Hajdu says some provinces face a 'deficit' of medical supplies as COVID-19 cases rise
Health Minister Patty Hajdu says some provinces face shortages of the supplies they need to respond to the rising number of COVID-19 cases, and the federal government is taking stock of the national inventory of ventilators, protective gear and hospital beds.
During a news conference in Ottawa Monday, Hajdu said federal and provincial health ministers have been engaged in discussions about the collective COVID-19 response — discussions which recently broadened to include the prime minister, deputy prime minister and premiers.
"We are very alive to the fact that some provinces are indicating that they have deficits, and we are gathering that information and we have said all along that we will be there as a federal government to support them with the resources they need, whether those are financial resources or practical resources," Hajdu said.
The first death in Canada linked to the coronavirus was confirmed Monday — a resident of the Lynn Valley Care Centre in North Vancouver. There are now 77 presumed or confirmed cases across the country — 34 in Ontario, 32 in British Columbia, seven in Alberta and four in Quebec.
"My deepest condolences to the family and friends of the person who passed away. Our thoughts are with you during this difficult time," Prime Minister Justin Trudeau tweeted Thursday.
"I want to reassure Canadians that their health and safety is our top priority. Our highly trained public health officials are working hard to prevent and limit the spread of COVID-19. They're in contact with all orders of government to provide Canadians with regular updates and advice," he added.
Trudeau and Deputy Prime Minister Chrystia Freeland have written to their provincial and territorial counterparts to take stock of possible medical resource gaps ahead of a first ministers' meeting later this week.
The letter states that all levels of government are readying resources, mobilizing public services and getting prepared "as quickly as possible." It says federal officials have been taking "critical steps" to ensure public confidence in the health care system.
"We are reaching out to you today to ensure that as a country, we are as prepared as we can be, and to reconfirm for you that the government of Canada is ready to support you and all Canadians," the letter reads.
"We are already leading a bulk procurement of personal protective equipment in which many of you are participating. We are ready to convene and help. To do so, we need to be able to understand what your challenges may be and how we can best continue to work together."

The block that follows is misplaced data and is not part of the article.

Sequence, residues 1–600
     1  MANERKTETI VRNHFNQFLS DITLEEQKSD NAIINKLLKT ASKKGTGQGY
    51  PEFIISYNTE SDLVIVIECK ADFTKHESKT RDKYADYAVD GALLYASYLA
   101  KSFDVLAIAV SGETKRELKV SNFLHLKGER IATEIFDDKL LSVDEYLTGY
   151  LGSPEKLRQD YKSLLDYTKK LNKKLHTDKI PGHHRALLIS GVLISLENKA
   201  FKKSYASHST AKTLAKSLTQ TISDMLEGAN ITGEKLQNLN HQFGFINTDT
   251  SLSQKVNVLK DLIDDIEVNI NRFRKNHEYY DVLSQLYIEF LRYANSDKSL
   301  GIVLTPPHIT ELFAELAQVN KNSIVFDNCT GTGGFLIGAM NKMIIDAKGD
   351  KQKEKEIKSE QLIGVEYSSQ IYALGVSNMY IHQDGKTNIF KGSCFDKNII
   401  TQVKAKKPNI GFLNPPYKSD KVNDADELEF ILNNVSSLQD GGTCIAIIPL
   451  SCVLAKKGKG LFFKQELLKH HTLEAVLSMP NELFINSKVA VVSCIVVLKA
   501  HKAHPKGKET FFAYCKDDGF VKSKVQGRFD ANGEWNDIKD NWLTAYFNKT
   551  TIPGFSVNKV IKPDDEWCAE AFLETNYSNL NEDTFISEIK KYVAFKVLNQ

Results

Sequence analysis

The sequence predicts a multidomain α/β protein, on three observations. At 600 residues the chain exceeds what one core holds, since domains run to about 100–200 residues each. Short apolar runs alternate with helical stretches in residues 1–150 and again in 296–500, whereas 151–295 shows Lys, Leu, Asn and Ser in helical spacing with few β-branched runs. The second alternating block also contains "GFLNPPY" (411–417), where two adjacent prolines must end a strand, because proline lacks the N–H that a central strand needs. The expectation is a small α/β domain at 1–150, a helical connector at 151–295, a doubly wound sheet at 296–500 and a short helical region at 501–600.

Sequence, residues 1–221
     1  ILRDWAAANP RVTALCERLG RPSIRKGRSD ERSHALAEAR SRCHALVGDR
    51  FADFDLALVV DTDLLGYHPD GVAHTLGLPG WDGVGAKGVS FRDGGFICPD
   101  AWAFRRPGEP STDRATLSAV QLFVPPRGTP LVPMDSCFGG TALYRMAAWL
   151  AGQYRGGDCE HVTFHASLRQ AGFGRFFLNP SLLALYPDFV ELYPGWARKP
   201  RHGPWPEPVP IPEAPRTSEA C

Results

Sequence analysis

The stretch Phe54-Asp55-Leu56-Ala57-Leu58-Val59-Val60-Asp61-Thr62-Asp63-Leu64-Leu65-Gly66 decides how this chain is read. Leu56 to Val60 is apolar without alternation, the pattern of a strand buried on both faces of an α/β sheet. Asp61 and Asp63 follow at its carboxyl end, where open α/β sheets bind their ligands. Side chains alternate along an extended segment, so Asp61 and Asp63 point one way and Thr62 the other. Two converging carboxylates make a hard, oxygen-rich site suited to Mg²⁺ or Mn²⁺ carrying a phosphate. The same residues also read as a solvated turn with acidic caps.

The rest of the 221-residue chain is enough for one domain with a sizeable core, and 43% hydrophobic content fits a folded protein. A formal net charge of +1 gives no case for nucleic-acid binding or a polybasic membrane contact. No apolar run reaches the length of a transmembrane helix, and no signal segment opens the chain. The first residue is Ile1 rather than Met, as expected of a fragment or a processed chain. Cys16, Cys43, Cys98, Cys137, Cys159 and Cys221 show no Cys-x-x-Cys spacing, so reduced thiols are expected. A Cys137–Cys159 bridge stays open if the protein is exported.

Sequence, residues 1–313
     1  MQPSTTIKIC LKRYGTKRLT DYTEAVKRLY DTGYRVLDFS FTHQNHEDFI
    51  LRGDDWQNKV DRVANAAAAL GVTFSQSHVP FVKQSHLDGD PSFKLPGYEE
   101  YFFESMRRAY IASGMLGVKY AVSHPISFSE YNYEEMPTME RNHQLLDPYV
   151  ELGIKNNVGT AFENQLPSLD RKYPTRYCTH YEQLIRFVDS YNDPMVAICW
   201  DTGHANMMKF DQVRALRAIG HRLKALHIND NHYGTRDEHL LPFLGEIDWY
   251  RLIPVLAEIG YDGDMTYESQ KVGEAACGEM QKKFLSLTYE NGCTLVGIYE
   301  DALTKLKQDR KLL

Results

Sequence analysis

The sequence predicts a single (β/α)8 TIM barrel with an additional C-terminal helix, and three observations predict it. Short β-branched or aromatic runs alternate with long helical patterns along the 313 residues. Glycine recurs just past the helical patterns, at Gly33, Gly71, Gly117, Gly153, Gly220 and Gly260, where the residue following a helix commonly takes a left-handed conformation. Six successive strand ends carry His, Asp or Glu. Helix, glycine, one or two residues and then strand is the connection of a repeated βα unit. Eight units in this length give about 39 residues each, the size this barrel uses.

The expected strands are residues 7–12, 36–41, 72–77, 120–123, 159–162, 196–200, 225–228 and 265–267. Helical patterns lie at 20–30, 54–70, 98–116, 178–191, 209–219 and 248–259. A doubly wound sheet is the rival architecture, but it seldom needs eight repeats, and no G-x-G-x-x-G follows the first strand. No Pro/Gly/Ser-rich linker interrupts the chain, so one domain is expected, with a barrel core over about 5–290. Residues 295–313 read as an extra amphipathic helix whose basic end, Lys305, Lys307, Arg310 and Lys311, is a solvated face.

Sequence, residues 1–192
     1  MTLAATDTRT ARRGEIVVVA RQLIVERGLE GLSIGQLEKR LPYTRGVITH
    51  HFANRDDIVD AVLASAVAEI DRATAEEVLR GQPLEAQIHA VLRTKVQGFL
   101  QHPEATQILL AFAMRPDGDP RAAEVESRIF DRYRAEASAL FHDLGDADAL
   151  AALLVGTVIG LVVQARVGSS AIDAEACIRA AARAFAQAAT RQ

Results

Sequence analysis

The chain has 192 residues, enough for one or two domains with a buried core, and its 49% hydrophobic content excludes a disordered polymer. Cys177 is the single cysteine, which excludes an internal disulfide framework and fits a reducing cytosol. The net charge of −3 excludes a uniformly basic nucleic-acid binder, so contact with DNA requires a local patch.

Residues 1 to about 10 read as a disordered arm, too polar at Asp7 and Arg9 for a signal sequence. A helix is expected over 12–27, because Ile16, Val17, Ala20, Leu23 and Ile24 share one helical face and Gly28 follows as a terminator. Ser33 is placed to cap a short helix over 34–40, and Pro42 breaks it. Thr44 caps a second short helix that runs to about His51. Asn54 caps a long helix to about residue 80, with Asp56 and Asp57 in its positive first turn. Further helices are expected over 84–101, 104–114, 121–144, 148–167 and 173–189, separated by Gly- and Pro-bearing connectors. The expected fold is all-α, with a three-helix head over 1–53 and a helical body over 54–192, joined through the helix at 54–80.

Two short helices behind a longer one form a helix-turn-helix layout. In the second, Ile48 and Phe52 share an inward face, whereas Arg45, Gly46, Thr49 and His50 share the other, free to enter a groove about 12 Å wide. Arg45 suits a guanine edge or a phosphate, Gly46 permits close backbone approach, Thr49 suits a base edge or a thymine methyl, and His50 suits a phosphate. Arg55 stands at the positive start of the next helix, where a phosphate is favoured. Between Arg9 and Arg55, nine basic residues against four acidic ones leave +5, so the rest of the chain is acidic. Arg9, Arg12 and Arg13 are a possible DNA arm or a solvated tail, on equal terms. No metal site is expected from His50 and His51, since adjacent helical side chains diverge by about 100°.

The letter asks premiers to report on their state of readiness and on any critical supply or capacity gaps before the first ministers meeting in Ottawa later this week, so the federal government can respond to potential challenges ahead.
Canada to repatriate Grand Princess passengers
As the federal government prepares to bring home 237 Canadians from a coronavirus-hit ship now off the coast of California, Canada's top public health officer is also warning against all cruise ship travel.
During the news conference in Ottawa Monday, Chief Public Health Officer Dr. Theresa Tam warned against going on a cruise.
"I've asked Canadians to think twice about being on cruise ships. Today, the Public Health Agency of Canada is recommending that Canadians avoid all cruise ship travel due to COVID-19," Tam said.
"The risk to the general population remains low, but this could change rapidly. We are most concerned for Canada's vulnerable populations."
There are 237 Canadians among the 3,500 passengers on board the Grand Princess cruise ship. That ship docked in Oakland, Calif., Monday afternoon.
The Canadians onboard will be transported by government-chartered plane to Trenton, Ont., where they will be assessed before undergoing a 14-day quarantine.
The Trenton-bound plane will start boarding around 10 p.m. ET with a scheduled arrival around 5:15 a.m. ET on Tuesday.
Nineteen crew members and two passengers have tested positive for the virus aboard that cruise ship, which was headed to Oakland this morning after sitting off the coast of San Francisco for days.
During Monday's briefing, Hajdu and Foreign Affairs Minister François-Philippe Champagne said passengers will not be permitted to board the airlift if they are showing any symptoms of coronavirus. Those passengers displaying symptoms will instead be treated in the U.S.
Champagne said the cruise company will cover the cost of the airlift, but other costs associated with the repatriation effort will be absorbed by the federal government.
The letter from Trudeau and Freeland also notes the financial impact of the global outbreak.
"The related economic implications resulting from COVID-19, whether those be narrowing export markets, decreased tourism, pressures on the supply chain or dropping commodity prices, are a significant concern and we know that Canadians are not just experiencing this solely as a public health issue," the letter reads.
The Opposition Conservatives said in debate in the House Monday that the Liberals cannot blame a slowing economy on the COVID-19 outbreak, and introduced a motion calling on the government to release all documents stretching back to Nov. 14, 2015 warning of a possible economic downturn. The vote passed with a vote of 313 to zero.